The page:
Neal Stephenson, creator of the term Metaverse, distances himself from Facebook

  • Author Neal Stephenson has said he’s not advising Facebook on its take on the metaverse.
  • Stephenson coined the term “metaverse” in his 1992 science fiction book “Snow Crash”.
  • Facebook changed its name to Meta amid scandals arising from documents leaked by a whistleblower.

Facebook changed its name to Meta this week amid a wave of scandals, hoping to distract people with its massive investment in a virtual world that CEO Mark Zuckerberg has called a “metaverse.”

This causes headaches for the term creator.

Science fiction author Neal Stephenson, who first coined the term in his 1992 book “Snow Crash,” took to social media on Friday to let people know that he certainly is. not involved in the company’s efforts to make the metaverse some sort of reality.

“As there seems to be growing confusion about this: I have nothing to do with anything FB is implying in the Metaverse other than the obvious fact that they are using a term I have. invented in Snow Crash “, Stephenson tweeted.

“There was no communication between me and FB and no business relationship,” he added.

Stephenson said Vanity Show in 2017, that he was just “doing shit” when he first wrote about the idea of ​​a metaverse – generally seen as a digital world in which people operate via virtual and augmented avatars , allowing them to overlap both digital and physical spaces – with the lines between each becoming blurred.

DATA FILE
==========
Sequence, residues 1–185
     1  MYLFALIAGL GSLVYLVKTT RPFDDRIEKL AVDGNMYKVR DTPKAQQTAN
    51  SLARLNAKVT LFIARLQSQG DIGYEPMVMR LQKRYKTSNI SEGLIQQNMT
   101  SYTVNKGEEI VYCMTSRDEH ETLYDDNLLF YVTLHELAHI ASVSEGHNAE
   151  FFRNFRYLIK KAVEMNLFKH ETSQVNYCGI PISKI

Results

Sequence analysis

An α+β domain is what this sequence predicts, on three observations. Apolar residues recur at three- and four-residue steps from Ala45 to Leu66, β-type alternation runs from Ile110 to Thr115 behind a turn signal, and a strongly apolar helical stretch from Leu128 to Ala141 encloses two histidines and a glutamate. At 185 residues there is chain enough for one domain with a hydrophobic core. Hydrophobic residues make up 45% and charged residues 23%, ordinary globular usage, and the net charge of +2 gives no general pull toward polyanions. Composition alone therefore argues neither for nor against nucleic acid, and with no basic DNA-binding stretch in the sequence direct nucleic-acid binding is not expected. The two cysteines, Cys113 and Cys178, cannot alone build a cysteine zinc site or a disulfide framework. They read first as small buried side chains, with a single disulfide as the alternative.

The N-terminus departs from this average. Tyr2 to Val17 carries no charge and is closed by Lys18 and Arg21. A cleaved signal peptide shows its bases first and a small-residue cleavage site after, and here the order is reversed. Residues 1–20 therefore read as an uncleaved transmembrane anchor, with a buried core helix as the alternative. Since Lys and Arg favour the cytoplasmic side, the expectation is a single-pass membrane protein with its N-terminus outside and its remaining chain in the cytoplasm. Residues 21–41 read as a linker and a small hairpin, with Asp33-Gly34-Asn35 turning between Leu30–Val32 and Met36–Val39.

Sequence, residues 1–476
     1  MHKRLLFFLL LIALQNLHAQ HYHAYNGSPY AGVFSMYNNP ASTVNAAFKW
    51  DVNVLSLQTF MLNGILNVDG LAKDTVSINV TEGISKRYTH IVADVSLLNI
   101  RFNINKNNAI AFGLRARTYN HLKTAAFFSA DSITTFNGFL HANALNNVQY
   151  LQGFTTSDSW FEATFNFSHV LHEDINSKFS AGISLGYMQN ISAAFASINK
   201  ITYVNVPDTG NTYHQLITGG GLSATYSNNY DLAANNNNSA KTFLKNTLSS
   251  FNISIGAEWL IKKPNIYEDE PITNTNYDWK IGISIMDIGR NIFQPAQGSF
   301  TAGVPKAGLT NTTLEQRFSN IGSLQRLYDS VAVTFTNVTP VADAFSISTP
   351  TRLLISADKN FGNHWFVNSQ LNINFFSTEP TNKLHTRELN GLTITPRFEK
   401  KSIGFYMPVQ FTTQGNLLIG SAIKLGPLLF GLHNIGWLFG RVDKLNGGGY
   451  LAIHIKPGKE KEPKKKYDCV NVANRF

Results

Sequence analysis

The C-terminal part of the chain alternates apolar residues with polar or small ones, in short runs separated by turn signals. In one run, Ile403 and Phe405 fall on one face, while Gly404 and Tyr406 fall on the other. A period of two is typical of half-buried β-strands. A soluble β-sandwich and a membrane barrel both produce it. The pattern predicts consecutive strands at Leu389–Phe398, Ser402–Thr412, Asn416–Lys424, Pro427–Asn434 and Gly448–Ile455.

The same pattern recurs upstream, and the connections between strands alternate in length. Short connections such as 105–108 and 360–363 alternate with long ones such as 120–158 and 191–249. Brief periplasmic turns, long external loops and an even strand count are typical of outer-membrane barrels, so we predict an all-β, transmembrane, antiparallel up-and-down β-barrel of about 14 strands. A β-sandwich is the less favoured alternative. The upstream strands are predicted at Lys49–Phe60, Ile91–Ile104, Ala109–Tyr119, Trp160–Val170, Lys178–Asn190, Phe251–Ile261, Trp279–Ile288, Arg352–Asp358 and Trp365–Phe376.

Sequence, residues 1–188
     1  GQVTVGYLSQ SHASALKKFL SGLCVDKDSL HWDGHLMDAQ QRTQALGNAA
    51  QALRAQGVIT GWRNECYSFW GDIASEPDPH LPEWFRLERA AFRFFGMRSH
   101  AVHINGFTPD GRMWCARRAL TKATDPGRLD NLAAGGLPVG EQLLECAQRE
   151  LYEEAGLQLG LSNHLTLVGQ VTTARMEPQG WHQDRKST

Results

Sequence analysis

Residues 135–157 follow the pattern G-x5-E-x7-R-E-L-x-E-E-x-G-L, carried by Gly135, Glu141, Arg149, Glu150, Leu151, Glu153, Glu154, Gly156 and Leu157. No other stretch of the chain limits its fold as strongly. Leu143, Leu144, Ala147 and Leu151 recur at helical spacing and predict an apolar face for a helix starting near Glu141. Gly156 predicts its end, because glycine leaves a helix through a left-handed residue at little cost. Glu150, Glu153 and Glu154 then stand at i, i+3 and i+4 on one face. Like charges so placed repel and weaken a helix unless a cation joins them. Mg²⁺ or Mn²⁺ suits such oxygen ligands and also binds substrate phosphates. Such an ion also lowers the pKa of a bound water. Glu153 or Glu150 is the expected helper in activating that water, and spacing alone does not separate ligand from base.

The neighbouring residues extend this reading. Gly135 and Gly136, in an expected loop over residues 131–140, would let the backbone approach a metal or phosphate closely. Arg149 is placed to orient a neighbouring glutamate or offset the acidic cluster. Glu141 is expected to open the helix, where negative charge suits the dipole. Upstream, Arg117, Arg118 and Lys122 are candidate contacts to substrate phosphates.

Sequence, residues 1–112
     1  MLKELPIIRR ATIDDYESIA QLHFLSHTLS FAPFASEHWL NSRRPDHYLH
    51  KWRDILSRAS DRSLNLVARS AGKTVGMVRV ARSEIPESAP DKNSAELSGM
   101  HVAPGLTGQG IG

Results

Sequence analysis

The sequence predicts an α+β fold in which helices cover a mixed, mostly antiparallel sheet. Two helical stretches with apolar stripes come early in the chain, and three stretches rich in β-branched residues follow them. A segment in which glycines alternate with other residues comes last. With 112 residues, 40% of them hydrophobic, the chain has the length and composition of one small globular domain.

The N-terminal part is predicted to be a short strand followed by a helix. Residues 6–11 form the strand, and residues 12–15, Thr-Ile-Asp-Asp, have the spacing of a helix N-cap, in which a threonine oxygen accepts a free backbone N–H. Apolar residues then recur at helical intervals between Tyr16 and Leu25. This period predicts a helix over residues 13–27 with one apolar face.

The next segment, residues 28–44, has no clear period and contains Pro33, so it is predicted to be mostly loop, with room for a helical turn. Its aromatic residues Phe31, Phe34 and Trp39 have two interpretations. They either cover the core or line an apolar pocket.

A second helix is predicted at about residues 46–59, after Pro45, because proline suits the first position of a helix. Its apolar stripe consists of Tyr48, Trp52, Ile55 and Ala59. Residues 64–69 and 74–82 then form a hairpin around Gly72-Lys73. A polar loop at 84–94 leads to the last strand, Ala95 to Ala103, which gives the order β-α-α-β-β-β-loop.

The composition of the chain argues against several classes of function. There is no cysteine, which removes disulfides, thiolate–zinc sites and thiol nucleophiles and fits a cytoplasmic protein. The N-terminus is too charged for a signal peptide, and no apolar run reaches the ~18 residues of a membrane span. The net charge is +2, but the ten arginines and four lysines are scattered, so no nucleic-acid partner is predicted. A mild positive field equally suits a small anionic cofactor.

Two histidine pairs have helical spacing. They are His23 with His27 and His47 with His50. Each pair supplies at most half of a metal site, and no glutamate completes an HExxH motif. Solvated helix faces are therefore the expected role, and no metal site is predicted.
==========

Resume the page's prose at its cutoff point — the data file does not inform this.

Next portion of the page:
As part of Facebook’s reorganization into Meta, the company kills its Oculus VR headset brand, renaming it Meta Quest. He made other structural changes to reflect an increased focus on Metaverse-related efforts that Zuckerberg Talk about at the annual Facebook Connect conference on Thursday.

The rebranding also came as Meta and its flagship product, Facebook, faced an onslaught of public scrutiny following revelations that the company knew much more about how the social network harms individuals and people. society than she had admitted before.

The revelations came from documents leaked to Congress, regulators and the press by whistleblower and former Facebook employee Frances Haugen.

Zuckerberg said Thursday it was “ridiculous” to think he had changed Facebook’s name to distract people from the company’s latest controversies.



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